Shortcut for Getting HCBS in Maryland

The only real way to get HCBS Medicaid services at home in Maryland is to first be in a nursing home for long enough to get Medicaid in the nursing home, which could take several months up to several years, depending on your level of assets that need to be protected. Please note that for a married couple, we can always protect 100% of your assets for the healthy spouse, and for a single person, we can always protect 40% to 70% of your assets and get you on Medicaid. Click here for more information .

State Funding Has Increased, But the Demand for Home Care far Outweighs Supply

In the past decade, states such as Maryland have increased funding to their Medicaid HCBS Waiver programs. But the demand for home care far outweighs supply.

  • The growing elderly population in the coming years will further intensify the need for these services;
  • In Maryland, which has wait lists that rival far more populous states like Florida, the situation has long been overwhelming;
  • Low pay and lack of benefits has affected the hiring of workers, so there aren’t nearly enough. In addition, home care providers struggle to recruit and retain workers who don’t want the stress of caring for people with physical and cognitive disabilities;

US Government Steps in to Help with American Rescue Plan

President Joe Biden allotted $400 billion in his infrastructure plan this spring to expand HCBS to help people remain in their homes and out of nursing homes.

The American Rescue Plan, approved by Congress in March, provides a 10% increase in federal Medicaid funding to states, or nearly $13 billion, for HCBS. The money, which must be spent by March 2024, can be used to provide personal protective equipment to home care workers, train workers, or help states reduce waiting lists for people to receive services.

But according to many industry insiders, the money will not necessarily make the waitlists disappear because it will not solve the problem of having too few workers.

When Nursing Home Care is the Best Option

Unfortunately, due to lack of workers and long wait lists, accessing HCBS has proven to be very difficult for many who really need it, especially in Maryland. Some families empty their savings to pay for a professional caregiver or have a relative cut down on work to provide care themselves, but this is obviously not ideal for everyone. Skilled care in a nursing home is often the best option to ensure that your loved one receives the care that he or she needs in a timely manner.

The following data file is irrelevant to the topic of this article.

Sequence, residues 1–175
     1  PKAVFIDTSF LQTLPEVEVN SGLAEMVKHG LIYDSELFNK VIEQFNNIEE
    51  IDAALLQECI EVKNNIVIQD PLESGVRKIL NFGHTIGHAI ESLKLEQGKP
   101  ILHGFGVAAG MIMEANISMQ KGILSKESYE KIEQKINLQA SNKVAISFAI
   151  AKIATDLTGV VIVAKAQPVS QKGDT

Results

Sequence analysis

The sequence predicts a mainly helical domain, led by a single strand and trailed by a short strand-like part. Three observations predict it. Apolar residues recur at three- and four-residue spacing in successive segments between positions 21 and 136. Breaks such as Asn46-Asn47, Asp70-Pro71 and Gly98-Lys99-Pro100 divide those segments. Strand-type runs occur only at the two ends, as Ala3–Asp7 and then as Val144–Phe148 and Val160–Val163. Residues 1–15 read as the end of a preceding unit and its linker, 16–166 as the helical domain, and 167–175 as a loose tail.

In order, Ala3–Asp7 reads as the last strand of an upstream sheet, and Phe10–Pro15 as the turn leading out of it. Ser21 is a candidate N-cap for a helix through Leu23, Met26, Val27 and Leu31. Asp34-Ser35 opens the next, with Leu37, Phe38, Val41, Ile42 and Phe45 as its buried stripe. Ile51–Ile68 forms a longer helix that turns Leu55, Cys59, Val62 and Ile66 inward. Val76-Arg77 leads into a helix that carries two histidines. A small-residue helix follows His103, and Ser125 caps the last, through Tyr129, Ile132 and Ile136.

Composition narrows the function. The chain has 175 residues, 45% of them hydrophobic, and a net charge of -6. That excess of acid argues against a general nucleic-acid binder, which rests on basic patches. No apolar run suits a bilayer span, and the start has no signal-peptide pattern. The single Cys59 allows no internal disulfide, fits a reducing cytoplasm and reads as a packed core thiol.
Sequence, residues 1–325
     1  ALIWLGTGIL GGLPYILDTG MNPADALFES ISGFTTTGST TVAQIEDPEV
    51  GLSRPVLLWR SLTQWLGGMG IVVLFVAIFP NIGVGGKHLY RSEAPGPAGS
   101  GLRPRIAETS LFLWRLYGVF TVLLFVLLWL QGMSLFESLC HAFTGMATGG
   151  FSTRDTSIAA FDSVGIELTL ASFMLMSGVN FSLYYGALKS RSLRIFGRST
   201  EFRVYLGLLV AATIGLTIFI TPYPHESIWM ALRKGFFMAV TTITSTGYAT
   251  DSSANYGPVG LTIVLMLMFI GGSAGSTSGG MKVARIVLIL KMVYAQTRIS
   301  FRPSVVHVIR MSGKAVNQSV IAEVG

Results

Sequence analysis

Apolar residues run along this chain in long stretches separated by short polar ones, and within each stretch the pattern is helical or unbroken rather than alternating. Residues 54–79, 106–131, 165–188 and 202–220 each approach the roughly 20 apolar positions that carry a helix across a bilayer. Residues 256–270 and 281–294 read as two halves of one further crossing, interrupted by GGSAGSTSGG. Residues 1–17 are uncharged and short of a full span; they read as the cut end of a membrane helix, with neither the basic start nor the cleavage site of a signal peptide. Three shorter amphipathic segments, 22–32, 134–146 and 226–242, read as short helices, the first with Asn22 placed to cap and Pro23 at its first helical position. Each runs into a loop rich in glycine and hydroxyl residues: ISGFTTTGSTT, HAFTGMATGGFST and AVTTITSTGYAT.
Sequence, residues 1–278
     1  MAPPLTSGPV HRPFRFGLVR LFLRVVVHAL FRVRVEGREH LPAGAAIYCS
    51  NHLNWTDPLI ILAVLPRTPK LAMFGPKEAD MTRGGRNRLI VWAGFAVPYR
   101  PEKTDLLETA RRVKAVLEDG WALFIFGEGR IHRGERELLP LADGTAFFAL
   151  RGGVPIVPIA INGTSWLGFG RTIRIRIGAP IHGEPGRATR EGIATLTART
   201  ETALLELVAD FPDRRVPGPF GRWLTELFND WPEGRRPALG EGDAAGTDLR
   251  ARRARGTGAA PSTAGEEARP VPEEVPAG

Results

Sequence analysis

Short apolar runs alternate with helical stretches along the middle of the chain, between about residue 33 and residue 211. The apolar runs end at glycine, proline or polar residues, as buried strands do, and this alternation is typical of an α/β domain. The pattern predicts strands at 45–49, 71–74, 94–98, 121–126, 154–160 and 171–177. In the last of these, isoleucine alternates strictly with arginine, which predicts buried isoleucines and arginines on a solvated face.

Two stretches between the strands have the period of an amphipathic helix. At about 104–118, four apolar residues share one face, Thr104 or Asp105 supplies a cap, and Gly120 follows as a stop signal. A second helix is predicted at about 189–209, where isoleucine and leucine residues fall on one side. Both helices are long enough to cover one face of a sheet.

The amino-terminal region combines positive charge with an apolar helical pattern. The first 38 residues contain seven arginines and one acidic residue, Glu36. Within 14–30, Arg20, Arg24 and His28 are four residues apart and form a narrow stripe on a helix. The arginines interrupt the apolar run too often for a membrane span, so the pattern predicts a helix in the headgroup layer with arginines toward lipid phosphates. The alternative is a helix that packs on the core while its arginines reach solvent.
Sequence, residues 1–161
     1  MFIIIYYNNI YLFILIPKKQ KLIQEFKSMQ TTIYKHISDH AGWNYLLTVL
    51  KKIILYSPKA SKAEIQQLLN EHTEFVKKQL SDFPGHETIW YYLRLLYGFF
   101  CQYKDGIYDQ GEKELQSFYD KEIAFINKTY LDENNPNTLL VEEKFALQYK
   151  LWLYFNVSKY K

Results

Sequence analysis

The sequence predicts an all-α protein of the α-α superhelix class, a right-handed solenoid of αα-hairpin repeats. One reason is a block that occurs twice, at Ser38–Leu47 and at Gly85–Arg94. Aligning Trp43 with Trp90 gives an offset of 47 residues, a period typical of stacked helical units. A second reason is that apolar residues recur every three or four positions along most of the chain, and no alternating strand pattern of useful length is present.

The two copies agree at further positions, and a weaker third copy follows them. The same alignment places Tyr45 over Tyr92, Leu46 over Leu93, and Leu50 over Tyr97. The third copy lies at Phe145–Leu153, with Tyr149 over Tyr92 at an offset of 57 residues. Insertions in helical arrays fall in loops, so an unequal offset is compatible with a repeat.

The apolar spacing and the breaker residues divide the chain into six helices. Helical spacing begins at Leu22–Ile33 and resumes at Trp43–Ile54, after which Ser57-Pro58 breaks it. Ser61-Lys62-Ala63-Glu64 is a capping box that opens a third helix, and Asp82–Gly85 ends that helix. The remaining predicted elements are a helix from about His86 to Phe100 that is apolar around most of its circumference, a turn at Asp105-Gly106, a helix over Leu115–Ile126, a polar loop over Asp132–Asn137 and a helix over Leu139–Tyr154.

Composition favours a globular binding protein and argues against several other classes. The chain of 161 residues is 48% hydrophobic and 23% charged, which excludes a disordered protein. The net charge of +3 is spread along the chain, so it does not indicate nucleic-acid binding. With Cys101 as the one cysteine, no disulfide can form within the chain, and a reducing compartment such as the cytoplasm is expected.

When your loved one needs long-term care, Medicaid is the single largest payor of nursing home care costs because so many people can’t afford to cover the costs themselves. However, Medicaid eligibility is the most complex area of law in existence, and has complex income and asset and functional capacity requirements, making it extremely difficult to qualify, so the help of an experienced elder law attorney, such as those of us here at the Farr Law Firm, is absolutely essential.

Planning for Long-term Care

When it comes to planning for long-term care, Medicaid Asset Protection Planning can be started while your loved one is still able to make legal and financial decisions, or can be initiated by an adult child acting as agent under a properly-drafted Power of Attorney, even if your loved one is already in a nursing home or receiving some other type of long-term care. In fact, the majority of our Lifecare Planning and Medicaid Asset Protection Planning clients come to us when nursing home care is already in place or is imminent.

Generally, the earlier someone plans for long-term care needs, the better. But, fortunately, it is never too late to begin your planning. To afford the catastrophic costs of long-term care without depleting all of your loved one’s hard-earned assets, your aunt should begin her Long-Term Care Planning as soon as possible. You should also do Incapacity Planning and Estate Planning, if you haven’t done so already. Please call us to make an appointment for a no-cost initial consultation:

Elder Care Rockville: 301-519-8041
Elder Care Fairfax: 703-691-1888
Elder Care Fredericksburg: 540-479-1435
Elder Care DC: 202-587-2797
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About Evan H Farr, CELA, CAP

Evan H. Farr is a 4-time Best-Selling author in the field of Elder Law and Estate Planning. In addition to being one of approximately 500 Certified Elder Law Attorneys in the Country, Evan is one of approximately 100 members of the Council of Advanced Practitioners of the National Academy of Elder Law Attorneys and is a Charter Member of the Academy of Special Needs Planners.